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Electric Power Generation

1. ENERGY CONVERSION
2. INPUT ENERGY SOURCES
3. COMBUSTION
4. HEAT AND TEMPERATURE
5. COMBUSTION OF FOSSIL FUELS
6. GASIFICATION OF COAL
7. FUEL OIL
8. NATURAL GAS
9. OTHER FUELS
10. COMPARISON OF FUELS
11. DISTRIBUTED GENERATION
12. THE FUEL CELL
13. NUCLEAR FUEL - NUCLEAR
1. ENERGY CONVERSION

consumer
source

fire Boiler/ Engine Shaft generator


fuel steam
furnace turbine turbine

Schematic Diagram of Energy


Conversion
Except for the source of heat they use to create
steam, nuclear and fossil power
plants are basically the same.
2. INPUT ENERGY SOURCES
————————————————————————————————
2.1 Hydro - Depends on availability, volume and head
(distance from the
intake to the water wheels).
2.2 Fossil Fuels - Typical Characteristics (Approximate Values)
Components in Percent
Fuel Btu/lb Carbon Hydrogen
Oxygen Sulphur Nitrogen Ash
————————————————————————————————
Wood 9,000 52.0 6.0 25.0
0.3 15.0 1.7
Coal Lignite 11,000 60.0 6.0 4.0
1.0 1.0 28.0
Oil 18,500 88.0 8.2 0.5 3.0
0.1 0.2
Natural Gas 22,000 69.0 23.5 1.5
0.3 5.7 0.0
2.3. Nuclear Fuels
Fuel Btu/lb
Uranium
Plutonium 38.7 billion
Thorium
2.4 Other Fuels
Fuel
Tar
Garbage Components may
vary widely, but the
Manure Heap Gas combustible
contents generally include
Aquatic & Land Plants carbon and
hydrogen as basic elements.
Biogases
Husks
2.5 Other Energy Sources
Geo-thermal
Wind Variable - from very large
Tides quantities to very small
Solar (Direct Sun Rays) quantities - Some not
Temperature Differences always available.
between Surface & Deep
Layers of Water Bodies
3. COMBUSTION
Elements, Molecules and Atoms

Illustrating Composition of Atoms & Molecules


Atomic and Molecular Weights

• Hydrogen (H) .............. 1


• Carbon (C) ................. 12
• Nitrogen (N) .............. 14
• Oxygen (O) ................ 16
• Sulphur (S) ................. 32
• 1 x 12 + 2 x 16 = 12 + 32 = 44
• that is, the molecular weight of carbon
dioxide ( CO2) is 44.
Chemical Reactions—Combustion
Equations
The principal chemical reactions of the combustion of fossil fuels are
• shown in the following equations expressed in symbols:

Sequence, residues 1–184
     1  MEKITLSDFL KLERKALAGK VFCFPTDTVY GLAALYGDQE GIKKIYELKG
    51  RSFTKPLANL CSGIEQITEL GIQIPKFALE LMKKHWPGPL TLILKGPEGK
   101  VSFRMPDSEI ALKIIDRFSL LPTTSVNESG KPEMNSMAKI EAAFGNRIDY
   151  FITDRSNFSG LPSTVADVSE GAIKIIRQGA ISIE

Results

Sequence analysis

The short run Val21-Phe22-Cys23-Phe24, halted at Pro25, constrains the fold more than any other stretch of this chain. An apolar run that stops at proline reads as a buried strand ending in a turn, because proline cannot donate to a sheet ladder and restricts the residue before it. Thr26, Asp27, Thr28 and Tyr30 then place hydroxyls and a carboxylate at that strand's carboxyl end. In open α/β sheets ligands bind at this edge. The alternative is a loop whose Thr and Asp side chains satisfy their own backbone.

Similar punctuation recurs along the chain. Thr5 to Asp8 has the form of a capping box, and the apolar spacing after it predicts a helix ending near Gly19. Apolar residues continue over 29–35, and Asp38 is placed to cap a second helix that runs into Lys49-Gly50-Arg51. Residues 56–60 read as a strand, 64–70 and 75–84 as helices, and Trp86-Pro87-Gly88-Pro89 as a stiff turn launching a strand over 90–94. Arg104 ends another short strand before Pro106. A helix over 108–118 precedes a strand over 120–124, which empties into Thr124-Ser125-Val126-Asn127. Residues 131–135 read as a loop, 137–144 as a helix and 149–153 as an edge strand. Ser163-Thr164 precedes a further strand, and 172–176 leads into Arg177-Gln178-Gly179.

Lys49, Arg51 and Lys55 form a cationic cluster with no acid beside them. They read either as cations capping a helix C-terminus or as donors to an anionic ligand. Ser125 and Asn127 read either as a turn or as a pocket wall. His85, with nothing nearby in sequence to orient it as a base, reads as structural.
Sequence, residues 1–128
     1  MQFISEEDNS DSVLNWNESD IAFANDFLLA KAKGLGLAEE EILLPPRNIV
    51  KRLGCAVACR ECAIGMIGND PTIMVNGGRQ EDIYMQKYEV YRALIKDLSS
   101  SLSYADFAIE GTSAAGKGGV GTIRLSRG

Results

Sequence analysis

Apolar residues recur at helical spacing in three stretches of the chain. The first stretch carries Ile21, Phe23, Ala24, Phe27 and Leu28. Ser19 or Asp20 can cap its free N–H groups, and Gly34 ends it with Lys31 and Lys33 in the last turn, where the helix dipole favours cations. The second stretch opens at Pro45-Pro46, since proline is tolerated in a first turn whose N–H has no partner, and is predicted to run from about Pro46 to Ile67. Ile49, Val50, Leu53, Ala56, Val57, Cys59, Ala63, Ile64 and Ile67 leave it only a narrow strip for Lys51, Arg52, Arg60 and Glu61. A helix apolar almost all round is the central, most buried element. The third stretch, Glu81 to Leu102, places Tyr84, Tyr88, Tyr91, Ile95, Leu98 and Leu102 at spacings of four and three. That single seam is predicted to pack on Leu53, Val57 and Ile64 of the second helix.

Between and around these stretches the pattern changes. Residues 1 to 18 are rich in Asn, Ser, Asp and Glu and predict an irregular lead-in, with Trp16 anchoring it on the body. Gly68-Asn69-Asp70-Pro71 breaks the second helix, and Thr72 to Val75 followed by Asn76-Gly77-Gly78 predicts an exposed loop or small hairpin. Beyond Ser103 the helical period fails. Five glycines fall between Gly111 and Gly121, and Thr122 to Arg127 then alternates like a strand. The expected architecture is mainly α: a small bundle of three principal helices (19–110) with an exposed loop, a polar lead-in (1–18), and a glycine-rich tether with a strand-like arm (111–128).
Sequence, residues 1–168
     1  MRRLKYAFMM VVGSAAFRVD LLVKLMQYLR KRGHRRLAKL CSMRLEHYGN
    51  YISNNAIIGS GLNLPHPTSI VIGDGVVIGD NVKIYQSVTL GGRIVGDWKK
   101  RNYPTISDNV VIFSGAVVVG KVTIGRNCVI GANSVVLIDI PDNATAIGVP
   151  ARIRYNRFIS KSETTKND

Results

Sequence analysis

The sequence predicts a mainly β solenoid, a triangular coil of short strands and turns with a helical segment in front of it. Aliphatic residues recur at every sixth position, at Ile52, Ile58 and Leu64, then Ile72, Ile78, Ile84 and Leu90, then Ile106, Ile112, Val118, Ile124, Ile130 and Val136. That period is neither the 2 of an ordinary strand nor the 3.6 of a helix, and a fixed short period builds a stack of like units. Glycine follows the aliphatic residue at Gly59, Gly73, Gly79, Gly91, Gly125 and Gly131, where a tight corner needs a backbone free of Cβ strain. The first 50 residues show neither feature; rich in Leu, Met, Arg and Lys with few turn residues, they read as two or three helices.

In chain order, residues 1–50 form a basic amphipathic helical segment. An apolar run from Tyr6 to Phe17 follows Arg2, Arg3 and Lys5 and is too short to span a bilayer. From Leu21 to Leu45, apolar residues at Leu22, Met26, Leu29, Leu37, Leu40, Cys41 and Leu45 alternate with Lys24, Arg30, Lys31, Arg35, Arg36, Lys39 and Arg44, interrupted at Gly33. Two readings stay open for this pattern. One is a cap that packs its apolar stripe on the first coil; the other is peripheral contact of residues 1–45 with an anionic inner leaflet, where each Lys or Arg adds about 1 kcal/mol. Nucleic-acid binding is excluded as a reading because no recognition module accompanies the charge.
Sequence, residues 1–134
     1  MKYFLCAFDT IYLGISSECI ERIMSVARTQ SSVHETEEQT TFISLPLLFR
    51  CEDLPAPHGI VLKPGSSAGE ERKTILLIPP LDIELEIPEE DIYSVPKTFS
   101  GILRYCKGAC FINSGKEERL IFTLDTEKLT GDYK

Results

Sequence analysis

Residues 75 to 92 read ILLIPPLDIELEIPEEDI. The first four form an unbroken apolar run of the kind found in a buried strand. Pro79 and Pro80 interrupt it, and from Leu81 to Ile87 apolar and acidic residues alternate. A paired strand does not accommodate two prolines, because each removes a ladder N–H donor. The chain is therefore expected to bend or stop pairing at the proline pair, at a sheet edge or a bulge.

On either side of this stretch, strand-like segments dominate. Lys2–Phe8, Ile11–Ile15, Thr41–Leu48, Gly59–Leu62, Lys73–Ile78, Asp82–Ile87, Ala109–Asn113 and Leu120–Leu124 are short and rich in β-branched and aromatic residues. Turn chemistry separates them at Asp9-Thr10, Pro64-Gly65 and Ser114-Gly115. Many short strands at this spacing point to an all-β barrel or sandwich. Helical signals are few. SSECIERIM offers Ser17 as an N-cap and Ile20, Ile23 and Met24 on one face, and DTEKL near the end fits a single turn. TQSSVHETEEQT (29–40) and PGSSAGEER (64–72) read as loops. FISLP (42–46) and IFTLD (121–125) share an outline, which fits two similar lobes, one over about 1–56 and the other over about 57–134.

(1) Carbon to carbon monoxide 2C + O2 = 2CO

(2) Carbon to carbon dioxide, 2C + 2O2 = 2CO2

(3) Carbon monoxide to carbon dioxide 2CO + O2 = 2CO2

(4) Hydrogen to water 2H2 + O2 = 2H2O

(5) Sulphur to sulphur dioxide S + O2 = SO2

4.HEAT AND TEMPERATURE

Comparison of F & C Temperature Scales


Temperature of Combustion

Ignition Temperatures
5.COMBUSTION OF FOSSIL
FUELS
Classification of Coals
Ultimate Analysis of Coal Sample

Example, if the coal contained 5%


moisture, the heating value would be
14,614 x 0.95 or 13883 Btu.
6. GASIFICATION OF COAL

Variations of Gasification Process (Courtesy Power Engineering)


Comparison of Syngas and Coal
Components
(% volume)
7. FUEL OIL
specifications
• Specific Gravity .......................5 to 14 degrees
API
• Viscosity ...................................300 seconds
Saybolt at 122ฐF
• Btu .............................................Approx. 18,500
Btu per pound
• Water Content .........................Not more than 2.0
percent
• Sediment Content ...................Not more than 0.25
percent
8. NATURAL GAS
Natural gas almost always
accompanies petroleum and is released
when the pressure on the oil is released. The
gas consists mainly of light
hydrocarbons such as methane (CH4), ethane
(C2H6), propane (C3H8)j
butane (C4H10), and others, all of which are
volatile.
9.OTHER FUELS
• Vegetation, both land and aquatic; e.g.
bagasse from sugar cane,corn husks, etc.
• Tars as residue from coal and coke
operations; e.g. from manufactured
gas, steel making, etc.
• Garbage from industrial, commercial and
residential waste, etc.
• Gases from garbage piles and manure heaps,
etc.
10.COMPARISON OF FUELS
The decision as to what fuel should be burned
depends on the individual plant, the equipment and op
erating personnel, local conditions,and principally on the
price of the fuel. The price, in turn, may be affected b
y its availability, transportation and handling costs.
11.DISTRIBUTED
GENERATION
As the name implies, generating units of relatively small
dimensions
and capacity (from 5 kW to 5 MW) are installed at or near
the load
to be served and usually connected to the associated
distribution or
transmission system. These units can serve:
1. to supply base load
2. for peak shaving
3. to supply additional load instead of revamping of
existing supply
facilities
4. as independent producers of electricity in areas remote
from system sources, or where it may be mor
e economic to do so
12. THE FUEL CELL
THE FUEL CELL

• 1. Proton Exchange Membrane


• 2. Alkaline Fuel Cell
• 3. Phosphoric Fuel Cell
• 4. Molten Carbonate Fuel Cell
• 5. Solid Oxide Fuel Cell
13. NUCLEAR FUEL - NUCLEAR
REDUCTION
Uranium Isotopes

The Atom: Structure and Parts


Nuclear Fission

In chain reaction, neutrons emitted by fissioning


U-235 can
fission other U-235 atoms. When a U-238 atom
captures a neutron, it
most often transmutes to plutonium after
several days. Fissioning atoms
raise the temperature of the mass of which the
Neutrons thrown out by fission fragments may
(1) convert
fertile U-238 to fissionable Pu-239, (2) fission U
-235 nuclei, or (3) be
captured by nonfissionable or nonfertile material
s, or (4) escape from